There may be circumstances, when trading in foreign issuers for example, where we do not have direct access to the relevant market or where for larger trades we believe a better result could be achieved due to a third party having access to a wider selection of trading venues. In these instances, we will transmit the order to a third party for execution.
The results of the monitoring performed are presented to the Order Execution Policy Committee (OEPC), which meets on a monthly basis and is the governance forum that oversees the order execution arrangements of the firm.
C. Summary of the 2019 Monitoring results
All of the firm’s transactions during the period 1 January to 31 December 2019 have been monitored to ensure that Best Execution was achieved versus the relevant benchmark. Overall, 99.9993% of trades achieved Best Execution in 2019 compared to 99.9970% in 2018. All transactions that did not achieve best execution when compared to their benchmark have been reviewed and corrected in accordance with the firm’s procedures. The firm achieved higher results in 2019 mainly due to improvements in processes when executing trades.
D. Relationships with Counterparties and Venues
The firm does not have any close links, conflicts of interests or common ownerships with respect to any counterparties used to execute orders and the firm does not receive any payments or non-monetary benefits for directing trades to a specific venue. The firm does not permit arrangements with any execution venues/counterparties for payments made or received, discounts, rebates or any non‐monetary benefits received other than those allowed by the firm’s Gifts and Hospitality Policy.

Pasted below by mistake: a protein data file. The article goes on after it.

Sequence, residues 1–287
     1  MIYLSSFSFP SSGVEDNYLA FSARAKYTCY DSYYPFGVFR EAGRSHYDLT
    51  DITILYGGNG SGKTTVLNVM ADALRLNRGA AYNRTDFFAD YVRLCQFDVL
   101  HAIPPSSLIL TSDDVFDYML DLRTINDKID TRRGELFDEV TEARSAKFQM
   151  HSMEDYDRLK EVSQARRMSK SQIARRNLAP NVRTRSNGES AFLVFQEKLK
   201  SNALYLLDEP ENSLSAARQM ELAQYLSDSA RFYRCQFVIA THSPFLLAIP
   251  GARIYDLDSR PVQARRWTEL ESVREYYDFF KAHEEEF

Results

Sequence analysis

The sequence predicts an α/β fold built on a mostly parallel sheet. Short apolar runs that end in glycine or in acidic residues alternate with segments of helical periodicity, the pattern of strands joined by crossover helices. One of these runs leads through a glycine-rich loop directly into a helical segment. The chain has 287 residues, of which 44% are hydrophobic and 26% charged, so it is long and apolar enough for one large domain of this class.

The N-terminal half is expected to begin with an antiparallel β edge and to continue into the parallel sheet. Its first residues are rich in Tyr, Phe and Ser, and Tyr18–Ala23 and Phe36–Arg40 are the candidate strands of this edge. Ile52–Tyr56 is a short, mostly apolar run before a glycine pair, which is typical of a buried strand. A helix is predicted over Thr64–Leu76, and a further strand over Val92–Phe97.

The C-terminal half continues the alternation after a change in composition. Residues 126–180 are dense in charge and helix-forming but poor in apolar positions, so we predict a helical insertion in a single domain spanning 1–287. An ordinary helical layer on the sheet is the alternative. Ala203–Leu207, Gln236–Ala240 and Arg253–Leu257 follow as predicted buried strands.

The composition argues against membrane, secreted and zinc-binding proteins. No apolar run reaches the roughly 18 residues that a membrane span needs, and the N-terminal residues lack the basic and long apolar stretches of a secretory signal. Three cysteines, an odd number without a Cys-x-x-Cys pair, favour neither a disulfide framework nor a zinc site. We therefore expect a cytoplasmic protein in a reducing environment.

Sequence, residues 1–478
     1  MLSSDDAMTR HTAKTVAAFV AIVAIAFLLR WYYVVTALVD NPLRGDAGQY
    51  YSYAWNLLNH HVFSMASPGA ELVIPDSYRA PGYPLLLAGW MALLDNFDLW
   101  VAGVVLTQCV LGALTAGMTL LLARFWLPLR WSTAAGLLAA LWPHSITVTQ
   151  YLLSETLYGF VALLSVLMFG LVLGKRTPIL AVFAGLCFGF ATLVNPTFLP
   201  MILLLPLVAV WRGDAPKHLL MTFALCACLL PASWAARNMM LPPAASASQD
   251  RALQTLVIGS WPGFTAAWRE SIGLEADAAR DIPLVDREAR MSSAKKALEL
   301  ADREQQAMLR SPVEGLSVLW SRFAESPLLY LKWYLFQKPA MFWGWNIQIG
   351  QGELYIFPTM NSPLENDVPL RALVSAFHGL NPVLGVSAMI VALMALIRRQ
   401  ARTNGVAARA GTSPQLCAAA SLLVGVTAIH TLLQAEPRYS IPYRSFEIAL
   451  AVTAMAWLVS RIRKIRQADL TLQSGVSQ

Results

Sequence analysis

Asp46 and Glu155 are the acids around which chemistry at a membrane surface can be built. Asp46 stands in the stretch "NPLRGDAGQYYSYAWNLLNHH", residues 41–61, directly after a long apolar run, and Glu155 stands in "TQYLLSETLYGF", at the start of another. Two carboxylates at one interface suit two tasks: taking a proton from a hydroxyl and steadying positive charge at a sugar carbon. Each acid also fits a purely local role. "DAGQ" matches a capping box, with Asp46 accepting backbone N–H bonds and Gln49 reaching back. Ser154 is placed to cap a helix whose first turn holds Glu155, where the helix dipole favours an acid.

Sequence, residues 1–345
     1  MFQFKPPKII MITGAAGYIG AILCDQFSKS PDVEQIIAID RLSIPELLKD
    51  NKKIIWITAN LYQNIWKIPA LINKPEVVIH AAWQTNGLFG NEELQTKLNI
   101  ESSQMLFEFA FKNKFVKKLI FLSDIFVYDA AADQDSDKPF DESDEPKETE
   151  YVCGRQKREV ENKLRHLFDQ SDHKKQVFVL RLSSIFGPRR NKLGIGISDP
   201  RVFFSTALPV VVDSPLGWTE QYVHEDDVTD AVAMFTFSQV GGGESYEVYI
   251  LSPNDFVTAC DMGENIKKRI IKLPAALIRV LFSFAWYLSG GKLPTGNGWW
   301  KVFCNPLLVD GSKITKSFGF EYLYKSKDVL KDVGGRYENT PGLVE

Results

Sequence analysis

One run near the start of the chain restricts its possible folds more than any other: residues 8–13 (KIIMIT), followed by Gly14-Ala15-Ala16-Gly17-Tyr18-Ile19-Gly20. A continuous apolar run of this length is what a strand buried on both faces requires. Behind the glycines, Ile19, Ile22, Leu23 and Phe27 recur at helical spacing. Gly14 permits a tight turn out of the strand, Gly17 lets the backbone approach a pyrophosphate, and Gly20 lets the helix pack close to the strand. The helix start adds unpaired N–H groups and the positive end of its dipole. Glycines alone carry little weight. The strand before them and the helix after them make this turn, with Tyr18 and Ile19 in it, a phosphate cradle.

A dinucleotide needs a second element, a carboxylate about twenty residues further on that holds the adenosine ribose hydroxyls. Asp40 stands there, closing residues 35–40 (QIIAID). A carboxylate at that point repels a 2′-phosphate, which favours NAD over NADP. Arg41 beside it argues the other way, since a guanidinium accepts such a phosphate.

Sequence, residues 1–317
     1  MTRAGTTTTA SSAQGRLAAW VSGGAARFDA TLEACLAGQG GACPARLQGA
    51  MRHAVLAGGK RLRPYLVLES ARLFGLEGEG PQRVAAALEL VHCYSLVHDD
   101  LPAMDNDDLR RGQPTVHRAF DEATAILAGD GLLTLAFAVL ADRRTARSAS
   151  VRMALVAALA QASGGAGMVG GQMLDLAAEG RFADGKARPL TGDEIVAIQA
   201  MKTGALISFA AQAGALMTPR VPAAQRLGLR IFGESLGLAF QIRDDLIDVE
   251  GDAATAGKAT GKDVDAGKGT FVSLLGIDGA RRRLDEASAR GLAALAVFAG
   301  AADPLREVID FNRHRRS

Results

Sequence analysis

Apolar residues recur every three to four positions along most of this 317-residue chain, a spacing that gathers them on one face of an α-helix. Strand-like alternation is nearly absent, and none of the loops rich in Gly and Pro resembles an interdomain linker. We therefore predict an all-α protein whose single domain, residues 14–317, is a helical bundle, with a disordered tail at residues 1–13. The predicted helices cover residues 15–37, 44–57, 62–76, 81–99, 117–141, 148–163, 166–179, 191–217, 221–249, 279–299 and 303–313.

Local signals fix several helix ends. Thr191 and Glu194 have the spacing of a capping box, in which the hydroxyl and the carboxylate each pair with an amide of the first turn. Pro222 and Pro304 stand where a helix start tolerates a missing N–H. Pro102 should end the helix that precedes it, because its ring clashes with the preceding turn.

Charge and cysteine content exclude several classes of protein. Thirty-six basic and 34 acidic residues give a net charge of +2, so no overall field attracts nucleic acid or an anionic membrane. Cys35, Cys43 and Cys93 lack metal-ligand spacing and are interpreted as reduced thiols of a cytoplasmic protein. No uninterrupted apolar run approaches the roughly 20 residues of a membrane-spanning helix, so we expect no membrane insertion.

In addition, the firm has policies and procedures in place to ensure that any potential conflict of interest is managed appropriately. During the period 1 January 2019 to 31 December 2019, nothing has come to the attention of the firm that would indicate the existence of any conflicts of interest pertaining to the firm’s counterparties/execution venues.
E. Execution Venues
To ensure the best possible coverage in the asset classes in which the firm transacts clients’ business, a comprehensive list of Execution Venues is maintained. This can be viewed alongside our Order Execution Policy. During 2019, there were limited changes to our Execution Venue list. The following counterparties were removed as one ceased trading in our required markets and the other after a review of the business transacted. There were no new counterparties added during the year. Please see details below and the list of Execution Venues here: Appendix A
The following counterparties have been removed:
|Market and Asset Coverage
|Overseas – Equities
|London – UK Equities
The number of trades that have been processed through the counterparties highlighted above, did not have an impact on the Top 5 execution venues reported in 2019.
 The Markets in Financial Instruments Directive (MiFID) II is a set of regulations which aims to improve the way firms comply with regulations in order to strengthen protection of investors.
 Benchmark means comparing the firm’s transactions, particularly the price achieved on each of the trades, against the prices that would have been achieved in other execution venues.